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Green tea offers numerous health benefits. It comes in different flavors and varieties. The tea is also the perfect substitute for coffee drinkers who are looking for a healthier pick and a focused stimulant without the jitters.
In this article, we will highlight everything you want to know about green tea. We will also explain how to choose the best loose leaf green tea for your needs.
- Our Best Loose Leaf Green Tea Reviews
- Best Overall Loose Leaf Green Tea: Tealyra Gyokuro
- Best Loose Leaf Green Tea for the Money: Numi Organic Gunpowder
- Best Budget Loose Leaf Green Tea: The Tao of Tea
- Best Loose Leaf Green Tea for Full-Bodied Flavor: Dragon Well Tea
- Best Loose Leaf Green Tea with Bold Floral Aroma: Jasmine Pearls Green Tea
- Green Tea Defined
- History of Green Tea
- The Best Green Teas
- How to Prepare Loose Leaf Green Tea
- Loose Leaf Green Tea Features and Considerations
Our Best Loose Leaf Green Tea Reviews
Best Overall Loose Leaf Green Tea: Tealyra Gyokuro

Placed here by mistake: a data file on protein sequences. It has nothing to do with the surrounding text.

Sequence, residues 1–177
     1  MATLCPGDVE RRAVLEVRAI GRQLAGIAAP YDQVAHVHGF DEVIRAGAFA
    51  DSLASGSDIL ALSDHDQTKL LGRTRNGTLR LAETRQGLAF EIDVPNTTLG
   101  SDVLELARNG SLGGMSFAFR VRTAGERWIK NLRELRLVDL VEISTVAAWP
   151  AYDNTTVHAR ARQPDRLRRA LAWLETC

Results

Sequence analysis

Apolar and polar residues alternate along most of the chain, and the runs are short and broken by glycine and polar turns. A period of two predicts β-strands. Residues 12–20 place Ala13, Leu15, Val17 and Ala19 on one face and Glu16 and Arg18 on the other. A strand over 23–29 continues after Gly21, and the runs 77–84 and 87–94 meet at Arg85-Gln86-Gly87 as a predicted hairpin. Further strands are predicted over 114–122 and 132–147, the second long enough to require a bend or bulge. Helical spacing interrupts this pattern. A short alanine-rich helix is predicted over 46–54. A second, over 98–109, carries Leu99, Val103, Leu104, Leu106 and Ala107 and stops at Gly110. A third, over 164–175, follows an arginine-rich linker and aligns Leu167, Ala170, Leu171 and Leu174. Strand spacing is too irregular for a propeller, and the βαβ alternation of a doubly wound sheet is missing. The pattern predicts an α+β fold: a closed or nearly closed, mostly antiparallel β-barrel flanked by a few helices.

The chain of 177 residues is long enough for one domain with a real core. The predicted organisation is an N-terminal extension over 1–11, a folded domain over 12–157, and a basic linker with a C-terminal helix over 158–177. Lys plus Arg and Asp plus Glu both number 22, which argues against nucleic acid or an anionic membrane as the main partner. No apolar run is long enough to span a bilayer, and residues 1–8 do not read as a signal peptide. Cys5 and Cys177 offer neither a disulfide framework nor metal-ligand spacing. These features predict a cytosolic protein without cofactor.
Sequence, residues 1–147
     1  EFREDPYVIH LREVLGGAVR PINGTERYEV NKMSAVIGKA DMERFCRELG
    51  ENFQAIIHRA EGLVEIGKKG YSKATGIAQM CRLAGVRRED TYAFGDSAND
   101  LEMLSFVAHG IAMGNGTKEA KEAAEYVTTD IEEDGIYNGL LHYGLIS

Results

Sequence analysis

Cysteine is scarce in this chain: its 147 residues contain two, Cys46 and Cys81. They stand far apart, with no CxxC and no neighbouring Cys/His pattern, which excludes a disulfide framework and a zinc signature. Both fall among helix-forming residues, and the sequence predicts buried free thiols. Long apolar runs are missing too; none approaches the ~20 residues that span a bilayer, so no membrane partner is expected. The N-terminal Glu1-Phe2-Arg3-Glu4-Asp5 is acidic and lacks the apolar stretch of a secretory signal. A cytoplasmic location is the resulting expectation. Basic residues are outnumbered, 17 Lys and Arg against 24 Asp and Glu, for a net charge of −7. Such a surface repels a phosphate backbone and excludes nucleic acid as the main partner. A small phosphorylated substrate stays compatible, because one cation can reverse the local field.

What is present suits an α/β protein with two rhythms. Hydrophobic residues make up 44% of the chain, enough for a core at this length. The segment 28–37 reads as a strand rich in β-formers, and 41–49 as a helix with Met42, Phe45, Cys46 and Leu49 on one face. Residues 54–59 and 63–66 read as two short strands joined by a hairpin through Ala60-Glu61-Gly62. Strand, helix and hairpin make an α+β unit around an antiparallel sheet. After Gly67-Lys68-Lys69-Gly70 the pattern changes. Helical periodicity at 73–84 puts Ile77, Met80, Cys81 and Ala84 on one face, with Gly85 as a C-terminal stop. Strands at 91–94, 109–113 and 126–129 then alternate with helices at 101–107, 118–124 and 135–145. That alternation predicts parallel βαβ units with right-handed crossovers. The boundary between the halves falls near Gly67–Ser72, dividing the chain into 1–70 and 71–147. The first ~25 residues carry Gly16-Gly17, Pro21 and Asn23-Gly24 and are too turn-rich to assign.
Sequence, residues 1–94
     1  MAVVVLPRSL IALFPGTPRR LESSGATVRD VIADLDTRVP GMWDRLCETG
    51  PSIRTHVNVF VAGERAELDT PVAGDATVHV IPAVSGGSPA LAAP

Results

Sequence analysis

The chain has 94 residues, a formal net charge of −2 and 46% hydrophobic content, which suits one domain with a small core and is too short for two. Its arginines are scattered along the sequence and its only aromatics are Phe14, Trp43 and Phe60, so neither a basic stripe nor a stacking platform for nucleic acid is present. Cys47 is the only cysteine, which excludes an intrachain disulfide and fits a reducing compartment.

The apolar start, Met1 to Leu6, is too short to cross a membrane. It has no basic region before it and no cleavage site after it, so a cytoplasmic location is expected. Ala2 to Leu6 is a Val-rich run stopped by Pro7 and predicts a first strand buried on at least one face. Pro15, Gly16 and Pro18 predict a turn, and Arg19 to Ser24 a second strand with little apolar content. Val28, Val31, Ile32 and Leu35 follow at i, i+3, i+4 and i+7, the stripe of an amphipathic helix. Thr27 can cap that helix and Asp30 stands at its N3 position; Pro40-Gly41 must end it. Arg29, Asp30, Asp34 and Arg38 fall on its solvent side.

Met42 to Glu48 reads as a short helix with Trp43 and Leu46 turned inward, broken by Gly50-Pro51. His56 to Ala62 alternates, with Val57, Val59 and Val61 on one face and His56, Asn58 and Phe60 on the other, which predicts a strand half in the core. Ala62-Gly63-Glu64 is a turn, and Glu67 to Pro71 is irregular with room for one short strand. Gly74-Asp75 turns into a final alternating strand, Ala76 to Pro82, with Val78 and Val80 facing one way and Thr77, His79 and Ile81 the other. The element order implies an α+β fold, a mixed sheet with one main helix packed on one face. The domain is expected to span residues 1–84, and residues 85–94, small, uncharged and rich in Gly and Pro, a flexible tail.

The Tealyra Gyokuro is a high-quality Japanese green tea. It is shade-grown for three weeks before harvesting to make the leaves aromatic. The plants are grown organically and covered using special bamboo tents.
The green tea is all-natural. There are no fillers and it is unflavored. It is also rich in antioxidants and can be used as a detox, sliming, or beautifying tea. The Gyokuro tea can also help burn fat and lower bad cholesterol.
The drink has a deep emerald color, while the leaves have a fresh green color. The tea has a sweet taste with zero bitterness and an earthy grassy aroma. The package comes with brewing instructions. Some users find the recommended time of two to three minutes to be a bit long as it makes the tea too strong.
As with all loose leaf green tea, steep time and water temperature are essential. If the tea is brewed right, it should not be bitter. So, reduce steeping time or temperature if you taste bitterness. For the first steep, brew your tea for about one minute and 1.5 minutes for the 2nd or 3rd steep at 180 degrees water temperature.
- Organic Japanese Green Tea. Exceptional Traditional Gyokuro Tea. Luxurious Loose Tea. Antioxidant...
- Yame Gyokuro Grade 1 is the highest quality shade grown Gyokuro from Yame, Japan.
- All Natural. Our Yame Gyokuro Japanese green tea is organically grown, is unflavored and does not...